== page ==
As the demand increases for an agreement to be reached with Ron Jaworski Golf to take over operations of the Brigantine Golf Links, residents have been asking Mayor Phil Guenther one question: What’s the hold-up?
The mayor has shown himself to be adamantly opposed to the deal, which would greatly rejuvenate the declining revenues of Brigantine’s golf course. In 2007, revenues were tabulated at over $2 million. Compare that with 2013, when that number dropped to $900,000, and it becomes clearer why the city required an additional infusion from taxpayers to the tune of $765,000 to make up the difference. Without question, the deal with Jaworski would immediately pump life into the Golf Link’s sagging revenue stream.
With the introduction of an experienced management team, the quality of the course and facilities would be improved, plus, the burden on the taxpayers to maintain the property would be almost, if not totally, eliminated. This would be an excellent way to start living up to those campaign promises to lower taxes.
The association with a big-name entity such as Ron Jaworski Golf would raise awareness of the island and add it to the list of attractions Atlantic City hopes will breathe new life into the area’s failing economy. What better way to “grow the brand” of Brigantine than to partner with one of the biggest and most respected names in the business? Jaworski is a master of marketing and promotion, and would bring all those talents and resources into the service of the Brigantine economy.
A big-name golf course would draw in tourists visiting Atlantic City and other nearby attractions. This would lead to improvements in infrastructure, allowing more traffic to the island, which could certainly give a much-needed boost to local businesses. In all probability, a significant number of jobs would be created, as well.
With new management on-site, renovations and enhancements would probably need to be made, and the entire facility would need to be fully staffed. The presence of a legitimate tourist attraction could also drive up property values, while relieving the tax burden. It’s hard to imagine circumstances in which this would not help Brigantine residents.
Another potential benefit to the Jaworski deal is that residents could be more confident that the Brigantine Golf Links was being utilized in the most fiscally responsible way possible. A corporation that specializes in the business of golf would immediately audit and review the financial aspects that have been concealed from view for far too long. Corporations have stockholders to whom they must answer, so the present secrecy and refusal to discuss the subject would become a thing of the past.
In addition, vendor deals and partnerships would no longer be dictated by favoritism or political partisanship. Jaworski would almost certainly be an excellent goodwill ambassador for Brigantine, but more importantly, this deal would signal the beginning of a move forward for the entire community, into a more prosperous and united future.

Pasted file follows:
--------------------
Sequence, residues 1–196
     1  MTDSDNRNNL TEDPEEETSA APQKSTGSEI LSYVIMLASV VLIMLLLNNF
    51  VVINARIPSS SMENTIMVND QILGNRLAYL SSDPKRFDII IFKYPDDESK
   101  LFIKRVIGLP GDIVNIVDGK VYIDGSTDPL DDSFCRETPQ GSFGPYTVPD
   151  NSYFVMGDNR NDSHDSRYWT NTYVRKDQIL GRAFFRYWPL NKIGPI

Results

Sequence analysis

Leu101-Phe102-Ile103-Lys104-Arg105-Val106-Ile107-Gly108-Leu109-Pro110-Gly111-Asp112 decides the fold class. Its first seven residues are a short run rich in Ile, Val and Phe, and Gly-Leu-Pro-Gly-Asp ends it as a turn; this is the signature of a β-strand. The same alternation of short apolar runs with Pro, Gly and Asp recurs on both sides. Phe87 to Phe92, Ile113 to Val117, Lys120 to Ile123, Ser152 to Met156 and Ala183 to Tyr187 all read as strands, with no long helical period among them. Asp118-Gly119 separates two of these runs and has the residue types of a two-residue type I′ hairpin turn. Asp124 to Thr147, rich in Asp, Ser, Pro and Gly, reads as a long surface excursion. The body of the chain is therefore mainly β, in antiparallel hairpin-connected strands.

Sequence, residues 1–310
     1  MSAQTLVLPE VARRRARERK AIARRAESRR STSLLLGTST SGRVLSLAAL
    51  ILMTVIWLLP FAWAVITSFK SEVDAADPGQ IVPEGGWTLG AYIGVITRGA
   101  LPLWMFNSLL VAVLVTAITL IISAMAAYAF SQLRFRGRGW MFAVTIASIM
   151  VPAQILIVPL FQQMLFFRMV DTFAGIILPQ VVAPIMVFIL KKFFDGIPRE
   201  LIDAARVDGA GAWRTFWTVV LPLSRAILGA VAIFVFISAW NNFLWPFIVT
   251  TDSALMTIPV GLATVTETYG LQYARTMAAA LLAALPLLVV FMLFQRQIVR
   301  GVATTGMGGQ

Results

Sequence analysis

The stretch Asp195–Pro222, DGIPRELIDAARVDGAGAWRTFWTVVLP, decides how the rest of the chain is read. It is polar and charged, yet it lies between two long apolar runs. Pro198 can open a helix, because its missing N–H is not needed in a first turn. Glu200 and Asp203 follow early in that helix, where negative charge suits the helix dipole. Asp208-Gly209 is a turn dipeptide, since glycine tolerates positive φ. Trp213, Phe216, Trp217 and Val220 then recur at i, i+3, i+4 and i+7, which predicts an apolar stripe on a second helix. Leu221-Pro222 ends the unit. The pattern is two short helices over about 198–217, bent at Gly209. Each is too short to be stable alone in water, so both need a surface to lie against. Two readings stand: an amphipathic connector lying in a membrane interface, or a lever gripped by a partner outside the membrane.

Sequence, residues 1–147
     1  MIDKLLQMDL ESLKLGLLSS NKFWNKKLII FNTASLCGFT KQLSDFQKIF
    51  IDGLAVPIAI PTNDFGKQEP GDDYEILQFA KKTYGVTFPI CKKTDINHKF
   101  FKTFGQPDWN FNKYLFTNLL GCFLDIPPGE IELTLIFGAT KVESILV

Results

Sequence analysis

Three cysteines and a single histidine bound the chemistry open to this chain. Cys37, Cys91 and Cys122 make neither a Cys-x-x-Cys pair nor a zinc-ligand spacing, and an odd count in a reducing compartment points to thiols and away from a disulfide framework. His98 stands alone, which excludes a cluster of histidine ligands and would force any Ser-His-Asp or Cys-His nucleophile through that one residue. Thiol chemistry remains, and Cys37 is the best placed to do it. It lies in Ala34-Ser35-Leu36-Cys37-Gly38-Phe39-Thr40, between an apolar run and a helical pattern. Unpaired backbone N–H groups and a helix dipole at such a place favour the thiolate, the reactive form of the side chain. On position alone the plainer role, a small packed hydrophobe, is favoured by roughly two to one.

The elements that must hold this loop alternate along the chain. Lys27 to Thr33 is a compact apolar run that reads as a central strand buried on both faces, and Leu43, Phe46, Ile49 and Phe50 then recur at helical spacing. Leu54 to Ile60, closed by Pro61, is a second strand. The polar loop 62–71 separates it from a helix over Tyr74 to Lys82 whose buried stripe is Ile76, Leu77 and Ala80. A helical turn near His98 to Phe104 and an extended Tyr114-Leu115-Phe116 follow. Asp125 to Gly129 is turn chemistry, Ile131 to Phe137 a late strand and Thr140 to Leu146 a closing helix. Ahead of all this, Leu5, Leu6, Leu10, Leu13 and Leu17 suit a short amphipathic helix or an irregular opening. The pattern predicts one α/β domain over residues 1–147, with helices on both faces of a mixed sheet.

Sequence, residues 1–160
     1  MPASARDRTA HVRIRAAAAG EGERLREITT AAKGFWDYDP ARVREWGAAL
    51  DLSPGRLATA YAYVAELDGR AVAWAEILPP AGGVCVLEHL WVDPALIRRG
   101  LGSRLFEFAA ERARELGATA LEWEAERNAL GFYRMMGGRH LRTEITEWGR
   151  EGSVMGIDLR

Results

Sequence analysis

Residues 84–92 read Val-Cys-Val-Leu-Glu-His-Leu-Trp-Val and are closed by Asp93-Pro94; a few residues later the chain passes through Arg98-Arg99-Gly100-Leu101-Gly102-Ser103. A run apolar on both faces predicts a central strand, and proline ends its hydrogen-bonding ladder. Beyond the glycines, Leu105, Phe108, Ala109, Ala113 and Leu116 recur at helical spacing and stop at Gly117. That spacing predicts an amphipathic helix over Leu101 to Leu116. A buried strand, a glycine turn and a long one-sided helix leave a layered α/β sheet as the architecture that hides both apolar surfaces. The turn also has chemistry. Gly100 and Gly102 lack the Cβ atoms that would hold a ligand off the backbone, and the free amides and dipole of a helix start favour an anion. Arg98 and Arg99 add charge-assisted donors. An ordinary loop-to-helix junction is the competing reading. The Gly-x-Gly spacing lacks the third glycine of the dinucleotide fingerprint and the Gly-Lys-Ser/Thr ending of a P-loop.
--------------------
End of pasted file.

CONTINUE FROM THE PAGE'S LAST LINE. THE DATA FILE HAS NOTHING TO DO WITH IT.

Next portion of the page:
Even if we set practical matters aside, considering Brigantine’s close proximity to Philadelphia and residents’ fanatical devotion to the Eagles, the Jaworski deal practically makes itself.
However, a few, most prominently Mayor Guenther, have turned a deaf ear to the litany of benefits the deal with Jaworski would bring to the community. Many residents have been left to wonder what the downside of the deal could be. Since the mayor himself is unwilling to discuss the issue or give his reasons against it, it is left to us to speculate.
There are some who say that Brigantine’s government has no intention of surrendering one iota of control over the use and management of the Golf Links, no matter what the potential advantages to the island. Others bring up the convoluted wheeling and dealing that has gone on in the past regarding the property’s liquor license. While only theories, these lines of thought merit exploring.
Obviously, financial disclosures would have to be made in advance of the deal. Jaworski’s team of experts would probably be required to review the city’s books and previous business-related policies. Uncomfortable questions could be asked. Embarrassing details could become public. Political patronage and sweetheart deals could be curtailed. None of this is on the mayor’s agenda for the upcoming year.
Unfortunately, a failure to publish a timely public notice by the City Clerk’s office led to the postponement of the meeting which could have finalized the deal. When delayed for long enough, everybody knows that deals fall apart all the time. Since posting public notice ads is one of the City Clerk’s most routine duties, it does beg the question of how conveniently timed this mistake was.
While it is absolutely possible that this was an innocent clerical error, it is not unfair to ask the age-old question: “Cui bono?” If the mayor is determined to derail a deal that could bring untold benefits to the residents of his town, and the meeting to seal the deal is delayed by a “whoopsie” by a city employee, who benefits? Certainly not the taxpayers.
Only time will tell what the future holds for the Brigantine Golf Links. It can be the start of a glorious new era of advancement for the island as a whole, or it can be a declining relic, symbolic of the “business as usual” mentality. Residents, local business owners and the City Council majority have expressed an emphatic desire to see this deal go through.
Significant downsides to the deal have yet to be revealed. Yet Mayor Guenther remains doggedly opposed, no deal has materialized, and the Brigantine Links continues to languish.
Cui bono? Nobody.